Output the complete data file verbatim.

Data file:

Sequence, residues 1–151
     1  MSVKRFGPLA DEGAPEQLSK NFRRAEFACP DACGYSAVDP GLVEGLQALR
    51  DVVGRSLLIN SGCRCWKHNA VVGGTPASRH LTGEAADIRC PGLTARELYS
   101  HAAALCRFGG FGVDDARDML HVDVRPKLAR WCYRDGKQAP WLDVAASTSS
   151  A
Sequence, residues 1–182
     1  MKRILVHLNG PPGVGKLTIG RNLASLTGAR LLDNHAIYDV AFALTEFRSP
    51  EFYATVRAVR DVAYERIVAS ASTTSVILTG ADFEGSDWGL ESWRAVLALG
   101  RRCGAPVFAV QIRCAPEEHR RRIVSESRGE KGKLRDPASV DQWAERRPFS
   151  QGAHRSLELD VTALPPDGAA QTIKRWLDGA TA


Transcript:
Sequence, residues 1–151
     1  MSVKRFGPLA DEGAPEQLSK NFRRAEFACP DACGYSAVDP GLVEGLQALR
    51  DVVGRSLLIN SGCRCWKHNA VVGGTPASRH LTGEAADIRC PGLTARELYS
   101  HAAALCRFGG FGVDDARDML HVDVRPKLAR WCYRDGKQAP WLDVAASTSS
   151  A
Sequence, residues 1–182
     1  MKRILVHLNG PPGVGKLTIG RNLASLTGAR LLDNHAIYDV AFALTEFRSP
    51  EFYATVRAVR DVAYERIVAS ASTTSVILTG ADFEGSDWGL ESWRAVLALG
   101  RRCGAPVFAV QIRCAPEEHR RRIVSESRGE KGKLRDPASV DQWAERRPFS
   151  QGAHRSLELD VTALPPDGAA QTIKRWLDGA TA